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Jewish World Review Jan. 25, 2003 / 12 Shevat, 5763

Betsy Hart

Betsy Hart
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Taxing rhetoric | Why is it that if the "rich" Smith family wants to keep more of the money which it has earned to spend as it sees fit, it is declared greedy by partisan Democrats, but if those partisan Democrats want to take the Smith family's money to spend on government programs as they see fit, that is somehow compassionate?

That question wasn't answered this week as, true to form, Democrats pounced on the president's just-released $670 billion dollar package of tax cuts as "favoring the rich."

Ah, but the Democrats have two problems here, aside from any merits of the president's plan: their definition of "rich," and more important, the fact that a majority of Americans don't care if the tax cuts benefit the wealthy.

Just who are the "rich" anyway? One might easily agree that the top 10 percent of American income earners is in that crowd. But according to the Internal Revenue Service and a new report by the Tax Foundation in Washington, D.C., that 10 percent includes any household with an annual income of $92,000. And according to the Bureau of Labor Statistics, that means a lot of two-earner families, with kids, headed by teachers, policemen, and blue-collar workers, who think of themselves as anything but rich. That may be because it's this group that pays a whopping 67 percent of all federal income taxes.

The top 25 percent of all earners, those who make over $55,000, pay 84 percent of all federal income taxes.

The top 50 percent of earners, by definition the "other-half," or those who make a little over $27,000 a year, pay an astounding 96 percent of all federal income taxes.

These then are the "rich."

OK, but what about those at the very top of the income scale? Aren't they getting a real break? Well that top 1 percent, those making over $313,000 a year, pay 37 percent of all federal income taxes. And that's way up from 1990, when the top 1 percent paid 25 percent of all federal income taxes.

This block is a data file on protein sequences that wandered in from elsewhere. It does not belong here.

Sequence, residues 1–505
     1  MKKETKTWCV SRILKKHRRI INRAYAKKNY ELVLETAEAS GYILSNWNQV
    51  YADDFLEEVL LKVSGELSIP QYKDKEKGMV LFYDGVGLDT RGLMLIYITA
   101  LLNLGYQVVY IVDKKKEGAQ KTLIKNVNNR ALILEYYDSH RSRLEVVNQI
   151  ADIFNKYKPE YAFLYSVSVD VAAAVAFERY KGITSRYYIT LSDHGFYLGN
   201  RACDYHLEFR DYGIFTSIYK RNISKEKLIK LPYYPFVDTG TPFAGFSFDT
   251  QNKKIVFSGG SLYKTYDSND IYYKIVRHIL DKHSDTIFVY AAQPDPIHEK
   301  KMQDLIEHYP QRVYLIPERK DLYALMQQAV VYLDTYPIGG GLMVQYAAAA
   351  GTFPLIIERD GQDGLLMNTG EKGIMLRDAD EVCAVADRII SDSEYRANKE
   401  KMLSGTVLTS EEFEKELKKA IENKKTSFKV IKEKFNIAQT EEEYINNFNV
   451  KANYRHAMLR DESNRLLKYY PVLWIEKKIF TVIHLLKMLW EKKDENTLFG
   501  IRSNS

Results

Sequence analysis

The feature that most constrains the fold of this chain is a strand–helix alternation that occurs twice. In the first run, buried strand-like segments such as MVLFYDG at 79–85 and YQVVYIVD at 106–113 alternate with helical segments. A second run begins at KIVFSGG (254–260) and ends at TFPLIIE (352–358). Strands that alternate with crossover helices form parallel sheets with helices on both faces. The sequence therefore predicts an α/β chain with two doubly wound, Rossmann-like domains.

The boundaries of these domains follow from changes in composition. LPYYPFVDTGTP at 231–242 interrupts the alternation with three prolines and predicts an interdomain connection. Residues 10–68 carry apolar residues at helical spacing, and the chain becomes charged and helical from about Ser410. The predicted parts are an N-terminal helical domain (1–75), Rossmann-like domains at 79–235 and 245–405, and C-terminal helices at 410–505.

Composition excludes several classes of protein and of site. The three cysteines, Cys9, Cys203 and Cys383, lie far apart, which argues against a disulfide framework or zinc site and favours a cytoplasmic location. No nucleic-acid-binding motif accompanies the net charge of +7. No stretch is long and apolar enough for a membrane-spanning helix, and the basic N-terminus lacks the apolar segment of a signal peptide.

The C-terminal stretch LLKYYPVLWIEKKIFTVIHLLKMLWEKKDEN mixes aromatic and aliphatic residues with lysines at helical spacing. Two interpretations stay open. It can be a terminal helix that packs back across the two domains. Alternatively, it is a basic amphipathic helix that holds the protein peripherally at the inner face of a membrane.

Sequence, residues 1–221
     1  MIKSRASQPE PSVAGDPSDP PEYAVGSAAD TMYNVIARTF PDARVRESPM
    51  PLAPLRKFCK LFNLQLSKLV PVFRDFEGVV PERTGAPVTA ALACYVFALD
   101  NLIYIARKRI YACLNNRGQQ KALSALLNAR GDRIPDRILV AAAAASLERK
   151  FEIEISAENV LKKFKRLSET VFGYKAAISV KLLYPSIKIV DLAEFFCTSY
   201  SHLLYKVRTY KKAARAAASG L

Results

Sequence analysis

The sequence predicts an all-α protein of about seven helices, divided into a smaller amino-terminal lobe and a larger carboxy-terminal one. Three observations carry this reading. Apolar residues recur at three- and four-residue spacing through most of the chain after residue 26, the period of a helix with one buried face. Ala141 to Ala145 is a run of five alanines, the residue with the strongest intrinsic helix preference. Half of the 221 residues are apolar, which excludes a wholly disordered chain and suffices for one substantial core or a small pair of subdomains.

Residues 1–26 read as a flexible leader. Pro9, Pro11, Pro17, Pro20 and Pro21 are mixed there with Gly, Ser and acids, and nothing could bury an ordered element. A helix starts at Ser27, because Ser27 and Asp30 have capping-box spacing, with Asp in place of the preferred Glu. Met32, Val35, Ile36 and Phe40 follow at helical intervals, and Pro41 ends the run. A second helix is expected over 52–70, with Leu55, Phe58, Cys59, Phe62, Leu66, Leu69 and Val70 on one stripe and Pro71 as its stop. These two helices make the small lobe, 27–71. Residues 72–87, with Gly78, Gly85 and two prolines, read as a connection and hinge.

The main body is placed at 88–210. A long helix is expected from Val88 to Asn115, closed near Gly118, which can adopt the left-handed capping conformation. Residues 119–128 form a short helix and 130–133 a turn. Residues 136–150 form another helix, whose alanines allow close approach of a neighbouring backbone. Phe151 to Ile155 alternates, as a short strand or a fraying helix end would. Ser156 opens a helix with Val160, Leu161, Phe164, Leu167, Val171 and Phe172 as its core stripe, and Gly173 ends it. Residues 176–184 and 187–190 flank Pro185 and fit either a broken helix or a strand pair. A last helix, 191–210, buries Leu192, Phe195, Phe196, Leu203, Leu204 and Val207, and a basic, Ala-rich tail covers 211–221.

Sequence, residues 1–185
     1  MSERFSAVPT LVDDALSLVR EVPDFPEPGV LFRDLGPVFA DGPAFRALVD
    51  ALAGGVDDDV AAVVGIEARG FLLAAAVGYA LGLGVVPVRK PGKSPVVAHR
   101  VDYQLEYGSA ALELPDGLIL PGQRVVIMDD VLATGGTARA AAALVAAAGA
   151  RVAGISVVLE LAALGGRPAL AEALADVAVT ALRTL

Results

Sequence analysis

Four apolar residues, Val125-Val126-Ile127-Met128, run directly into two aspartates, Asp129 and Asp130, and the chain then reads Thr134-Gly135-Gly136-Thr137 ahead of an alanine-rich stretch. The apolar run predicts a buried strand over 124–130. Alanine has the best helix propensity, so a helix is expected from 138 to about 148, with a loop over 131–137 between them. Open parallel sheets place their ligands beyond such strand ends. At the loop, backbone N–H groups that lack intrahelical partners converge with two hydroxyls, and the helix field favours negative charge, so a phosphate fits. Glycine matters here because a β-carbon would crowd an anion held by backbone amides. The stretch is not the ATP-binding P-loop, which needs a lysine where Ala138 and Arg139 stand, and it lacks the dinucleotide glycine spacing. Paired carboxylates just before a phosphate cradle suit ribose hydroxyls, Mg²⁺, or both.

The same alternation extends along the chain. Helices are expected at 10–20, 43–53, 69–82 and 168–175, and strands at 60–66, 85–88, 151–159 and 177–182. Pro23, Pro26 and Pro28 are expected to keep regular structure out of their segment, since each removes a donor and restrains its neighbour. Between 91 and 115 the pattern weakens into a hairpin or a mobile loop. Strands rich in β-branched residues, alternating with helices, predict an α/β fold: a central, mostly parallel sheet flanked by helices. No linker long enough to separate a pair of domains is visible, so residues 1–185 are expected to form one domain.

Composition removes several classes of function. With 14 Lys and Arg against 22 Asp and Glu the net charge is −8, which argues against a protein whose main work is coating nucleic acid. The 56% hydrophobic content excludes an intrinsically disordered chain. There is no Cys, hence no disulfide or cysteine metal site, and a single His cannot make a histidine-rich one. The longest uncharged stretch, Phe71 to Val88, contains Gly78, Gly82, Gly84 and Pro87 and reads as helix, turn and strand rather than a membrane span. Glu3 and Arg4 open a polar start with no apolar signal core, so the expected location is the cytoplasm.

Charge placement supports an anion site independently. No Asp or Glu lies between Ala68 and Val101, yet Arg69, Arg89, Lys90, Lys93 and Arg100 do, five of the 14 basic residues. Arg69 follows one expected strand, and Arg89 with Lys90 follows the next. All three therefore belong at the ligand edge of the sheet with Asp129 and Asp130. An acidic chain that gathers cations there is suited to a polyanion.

In other words, it's impossible to provide any kind of meaningful tax cut without that cut going to the people who pay the taxes - and almost all of those people are the "rich," according to the liberal elite.

Which brings up the second problem the Democrats have. As CNN reported on Monday, a slight majority of Americans think the tax cuts do favor the "rich," (though "rich" was not defined) but so what? As CNN also reported, most Americans don't care. Maybe because mainstream Americans, in contrast to people in so many other countries in the world, don't mind the other guy being rich. In fact they might downright admire him. It's just that they would like to be rich too.

Whatever the reason, class-warfare rhetoric doesn't work. Successful Democrats know it and don't use it. Case in point: Bill Clinton.

What's amazing is only that while the class warfare argument has no merit, and is not a winning political strategy, still partisan Democrats are overwhelmingly attracted to it like bees to honey, or better yet like a two-year old to the cookie jar. They just can't help themselves.

Why are they the only ones in America who buy the class warfare line? Because unlike mainstream America, which includes so many Democrats, partisan Democrats really do resent the successful and the rich. Even though many of them, like senators and presidential contenders John Kerry of Massachusetts and John Edwards of North Carolina ARE the rich. Perhaps they just feel guilty about it.

In any event, these are the folks who think that if the "rich" Smith family wants to keep more of its hard-earned $92,000 a year, or $55,000 a year, or even its $27,000 a year to spend as it sees fit, that's greed; but if Washington takes that hard-earned money from the Smiths, by force, to spend as it sees fit, somehow that's compassionate.

Huh? There's still no making sense of that riddle.

In contrast, President Bush has made the simple argument that everyone who pays taxes should get a tax cut.

Quite a distinction. No wonder the partisan Democrats seem to be the only ones who buy their own rhetoric.

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JWR contributor Betsy Hart, a frequent commentator on CNN and the Fox News Channel, can be reached by clicking here.


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